Are not dates other than the March Equinox also celebrated as “Earth Day”?  

Yes.  The chief example of this has been the April 22 Earth Day.  While many groups have called April 22 and other dates Earth Day and used them to further sound environmental efforts and education, calling them Earth Day causes confusion.  The goal they pursue – environmental education and action, can best accomplish their purpose by events that complement and do not detract from the equinox Earth Day.  

The history and the nature of Earth Day on the Equinox provides a key to a future all can share.  Special days to help the environment can occur at any time.  They can all contribute to our common cause and common effort – the rejuvenation of Earth.  

President Anwar Sadat of Egypt called Earth Day on the March Equinox, “The Great Day of Planet Earth.”  

One appropriate great day for Planet Earth can bind hearts and minds in a common commitment to the stewardship of Earth.  Earth Day’s original purpose is bound to the March Equinox.  


To strengthen the mission of Earth Day John McConnell and Margaret Mead established The Earth Society Foundation in 1976.  The Foundation’s purposes are:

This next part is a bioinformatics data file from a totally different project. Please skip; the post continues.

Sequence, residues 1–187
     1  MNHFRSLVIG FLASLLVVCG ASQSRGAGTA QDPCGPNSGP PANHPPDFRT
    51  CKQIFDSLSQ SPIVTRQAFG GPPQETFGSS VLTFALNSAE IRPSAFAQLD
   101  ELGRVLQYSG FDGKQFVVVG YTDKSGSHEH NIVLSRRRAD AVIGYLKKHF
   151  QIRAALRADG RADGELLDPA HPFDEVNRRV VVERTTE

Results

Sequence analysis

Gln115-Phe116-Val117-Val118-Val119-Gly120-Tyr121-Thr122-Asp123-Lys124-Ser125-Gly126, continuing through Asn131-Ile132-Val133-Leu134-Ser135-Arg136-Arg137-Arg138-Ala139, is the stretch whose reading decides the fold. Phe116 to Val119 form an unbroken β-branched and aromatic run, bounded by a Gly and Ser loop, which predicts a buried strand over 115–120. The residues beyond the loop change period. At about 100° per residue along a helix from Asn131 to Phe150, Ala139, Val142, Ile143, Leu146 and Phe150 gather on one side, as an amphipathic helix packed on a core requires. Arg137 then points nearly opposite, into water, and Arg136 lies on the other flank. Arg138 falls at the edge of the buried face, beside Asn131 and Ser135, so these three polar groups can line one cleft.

"Encouraging people of all races, creeds, and religions, nationalities and ideologies to become active participants in the preservation of the Earth’s natural resources.  

“Seeking to redirect the energies of governments, industries, and individuals away from destruction, waste and pollution of the physical environment and toward the development of products and services which will protect, enhance and improve the condition of the Earth, on the land and sea, and thereby benefit all the citizens of all nations.  

“Encourage and increase awareness of Earth life through the exposure to nature’s wonders and through individual silent reflection, meditation, or prayer – seeking attitudes, feelings, and conduct that will foster unity and cooperation in the love and care of Earth.